Friday, July 12, 2013

Malala says extremists are afraid of women, education.

                          Malala Yousafzai, the Pakistani teenager shot by the Taliban for promoting education for girls, celebrates her 16th birthday on Friday by addressing the United Nations. The UN has declared July 12 'Malala Day', and to mark the occasion the teen, who returned to school in March after medical treatment in Britain for injuries suffered in the October attack, will address more than 500 young leaders from around the world at a Youth Assembly. 

Here are the Highlights of Malala Yousufzai's address:

  • If we want to achieve goals, let us empower ourselves with weapon of knowledge, let us shield ourselves with peace & unity.
  • One child, one teacher, one book and one pen can change the world.
  • Let us wage a global struggle a global struggle for our brothers and sisters who wait for a brighter future.
  • Terrorists are misusing the name of Islam for their own benefits. Islam is a religion of peace.
  • There was a time when women's activists asked men to stand up for women's rights. This time we will do it ourselves.
  • Extremists are afraid of women, education. They are afraid of change.
  • We realised the importance of books and pens when we saw violence in Swat.
  • There was a time when women's activists asked men to stand up for women's rights. This time we will do it ourselves. We not succeed when half of us are held back.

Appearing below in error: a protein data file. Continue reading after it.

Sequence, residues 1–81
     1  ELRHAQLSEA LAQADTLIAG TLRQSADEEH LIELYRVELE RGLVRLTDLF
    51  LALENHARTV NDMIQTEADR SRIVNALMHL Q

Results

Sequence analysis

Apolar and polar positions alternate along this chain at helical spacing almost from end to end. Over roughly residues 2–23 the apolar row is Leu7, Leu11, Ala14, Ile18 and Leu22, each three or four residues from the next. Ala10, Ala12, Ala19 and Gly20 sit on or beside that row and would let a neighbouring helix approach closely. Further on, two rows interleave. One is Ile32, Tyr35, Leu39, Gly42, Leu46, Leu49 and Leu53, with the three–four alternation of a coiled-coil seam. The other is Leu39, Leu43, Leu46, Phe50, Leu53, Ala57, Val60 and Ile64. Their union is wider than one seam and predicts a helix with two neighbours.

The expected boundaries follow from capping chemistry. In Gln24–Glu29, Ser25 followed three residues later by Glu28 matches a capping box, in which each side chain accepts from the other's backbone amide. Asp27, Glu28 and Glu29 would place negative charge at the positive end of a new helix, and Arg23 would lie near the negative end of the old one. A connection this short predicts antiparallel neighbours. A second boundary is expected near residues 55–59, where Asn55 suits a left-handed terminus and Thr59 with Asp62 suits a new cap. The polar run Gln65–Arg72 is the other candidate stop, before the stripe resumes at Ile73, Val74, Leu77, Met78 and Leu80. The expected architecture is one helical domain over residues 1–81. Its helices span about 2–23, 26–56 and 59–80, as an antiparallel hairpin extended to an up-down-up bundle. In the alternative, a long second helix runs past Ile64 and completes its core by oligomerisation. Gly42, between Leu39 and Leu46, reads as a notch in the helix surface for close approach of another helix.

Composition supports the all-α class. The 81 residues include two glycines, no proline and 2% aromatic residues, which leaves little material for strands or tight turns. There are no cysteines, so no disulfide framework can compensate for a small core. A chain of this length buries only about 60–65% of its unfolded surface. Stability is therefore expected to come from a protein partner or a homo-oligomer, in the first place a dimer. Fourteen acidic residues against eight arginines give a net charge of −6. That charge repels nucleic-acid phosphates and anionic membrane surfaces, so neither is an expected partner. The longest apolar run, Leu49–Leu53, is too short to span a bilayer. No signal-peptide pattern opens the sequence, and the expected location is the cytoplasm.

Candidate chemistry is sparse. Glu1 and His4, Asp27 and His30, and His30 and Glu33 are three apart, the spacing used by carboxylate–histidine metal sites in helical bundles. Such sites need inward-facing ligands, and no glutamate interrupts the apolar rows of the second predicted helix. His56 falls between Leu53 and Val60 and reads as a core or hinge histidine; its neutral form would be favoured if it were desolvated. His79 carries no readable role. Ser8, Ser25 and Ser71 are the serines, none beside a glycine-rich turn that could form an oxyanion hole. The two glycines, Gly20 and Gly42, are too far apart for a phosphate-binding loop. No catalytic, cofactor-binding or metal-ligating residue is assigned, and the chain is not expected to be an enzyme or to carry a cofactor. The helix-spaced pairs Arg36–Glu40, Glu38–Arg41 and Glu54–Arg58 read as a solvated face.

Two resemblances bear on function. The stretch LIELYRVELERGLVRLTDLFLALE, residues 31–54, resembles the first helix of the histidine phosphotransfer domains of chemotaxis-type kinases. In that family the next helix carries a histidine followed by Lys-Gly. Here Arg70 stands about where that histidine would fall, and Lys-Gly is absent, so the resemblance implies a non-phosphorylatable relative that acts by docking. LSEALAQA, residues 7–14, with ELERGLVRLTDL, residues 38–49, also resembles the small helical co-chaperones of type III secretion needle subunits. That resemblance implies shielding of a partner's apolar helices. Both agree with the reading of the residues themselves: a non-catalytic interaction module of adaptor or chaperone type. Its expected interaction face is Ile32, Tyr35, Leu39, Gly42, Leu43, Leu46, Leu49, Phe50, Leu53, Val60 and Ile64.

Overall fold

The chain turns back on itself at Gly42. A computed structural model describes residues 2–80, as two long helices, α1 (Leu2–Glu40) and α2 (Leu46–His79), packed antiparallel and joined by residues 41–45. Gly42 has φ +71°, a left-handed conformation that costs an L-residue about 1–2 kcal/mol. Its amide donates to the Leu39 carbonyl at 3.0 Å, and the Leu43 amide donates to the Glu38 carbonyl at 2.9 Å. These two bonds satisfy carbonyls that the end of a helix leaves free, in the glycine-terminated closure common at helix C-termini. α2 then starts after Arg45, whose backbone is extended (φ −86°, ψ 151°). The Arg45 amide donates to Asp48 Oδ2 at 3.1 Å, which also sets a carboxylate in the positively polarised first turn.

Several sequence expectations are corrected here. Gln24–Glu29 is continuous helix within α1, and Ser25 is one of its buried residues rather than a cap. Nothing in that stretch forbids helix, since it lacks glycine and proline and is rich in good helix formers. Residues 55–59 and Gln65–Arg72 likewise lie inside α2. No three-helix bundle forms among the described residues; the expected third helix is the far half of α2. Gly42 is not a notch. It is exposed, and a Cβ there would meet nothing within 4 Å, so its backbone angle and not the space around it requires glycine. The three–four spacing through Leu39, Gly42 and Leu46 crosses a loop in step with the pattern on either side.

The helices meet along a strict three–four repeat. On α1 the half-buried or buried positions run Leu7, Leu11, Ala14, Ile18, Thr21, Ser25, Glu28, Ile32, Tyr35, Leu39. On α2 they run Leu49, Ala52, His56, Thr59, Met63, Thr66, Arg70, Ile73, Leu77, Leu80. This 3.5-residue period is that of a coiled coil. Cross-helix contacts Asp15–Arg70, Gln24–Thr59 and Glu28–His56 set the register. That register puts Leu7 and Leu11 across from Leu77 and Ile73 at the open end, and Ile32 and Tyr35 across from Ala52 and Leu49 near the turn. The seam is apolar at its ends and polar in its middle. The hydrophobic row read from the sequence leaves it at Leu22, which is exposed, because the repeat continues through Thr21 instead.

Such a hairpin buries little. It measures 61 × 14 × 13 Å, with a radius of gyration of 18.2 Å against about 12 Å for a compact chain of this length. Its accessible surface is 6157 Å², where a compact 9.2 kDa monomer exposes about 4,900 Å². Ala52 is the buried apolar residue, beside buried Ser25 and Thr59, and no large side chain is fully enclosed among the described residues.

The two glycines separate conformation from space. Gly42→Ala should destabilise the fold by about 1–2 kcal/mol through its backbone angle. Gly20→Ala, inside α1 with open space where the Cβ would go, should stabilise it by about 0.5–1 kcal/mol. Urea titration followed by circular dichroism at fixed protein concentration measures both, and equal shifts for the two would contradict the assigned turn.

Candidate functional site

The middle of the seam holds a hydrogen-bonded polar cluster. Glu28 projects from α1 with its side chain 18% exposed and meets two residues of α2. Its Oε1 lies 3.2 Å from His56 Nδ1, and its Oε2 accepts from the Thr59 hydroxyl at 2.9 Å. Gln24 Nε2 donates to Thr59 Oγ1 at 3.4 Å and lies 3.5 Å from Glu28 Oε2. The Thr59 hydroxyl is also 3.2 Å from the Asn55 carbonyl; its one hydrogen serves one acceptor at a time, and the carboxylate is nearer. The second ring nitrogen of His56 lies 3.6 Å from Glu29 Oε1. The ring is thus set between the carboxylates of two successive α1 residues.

Unesco and 'Save the Children' released a special reported entitled "Children battling to go to school", ahead of Malala's speech.  

The report found that 95 per cent of the 28.5 million children who aren't getting a primary school education live in low and lower-middle income countries 44 per cent in sub-Saharan Africa, 19 per cent in south and west Asia and 14 per cent in the Arab states.  

Girls make up 55 per cent of the total and are often the victims of rape and other sexual violence that accompanies armed conflicts.  

The study found that in 2012 there were more than 3,600 documented attacks on education, including violence, torture and intimidation against children and teachers resulting in death or grave injuries, as well as the shelling and bombing of schools and the recruitment of school-aged children by armed groups.  
According to the report, while the number of primary school age children who are not getting an education has fallen to 57 million in 2011 from 60 million in 2008, during that period the percentage of youth in conflict-affected countries who aren't at primary school rose to 50 per cent from 42 per cent.  
"Across many of the world's poorest countries, armed conflict continues to destroy not just school infrastructure, but also the hopes and ambitions of a whole generation of children," Unesco's director-general Irina Bokova said.

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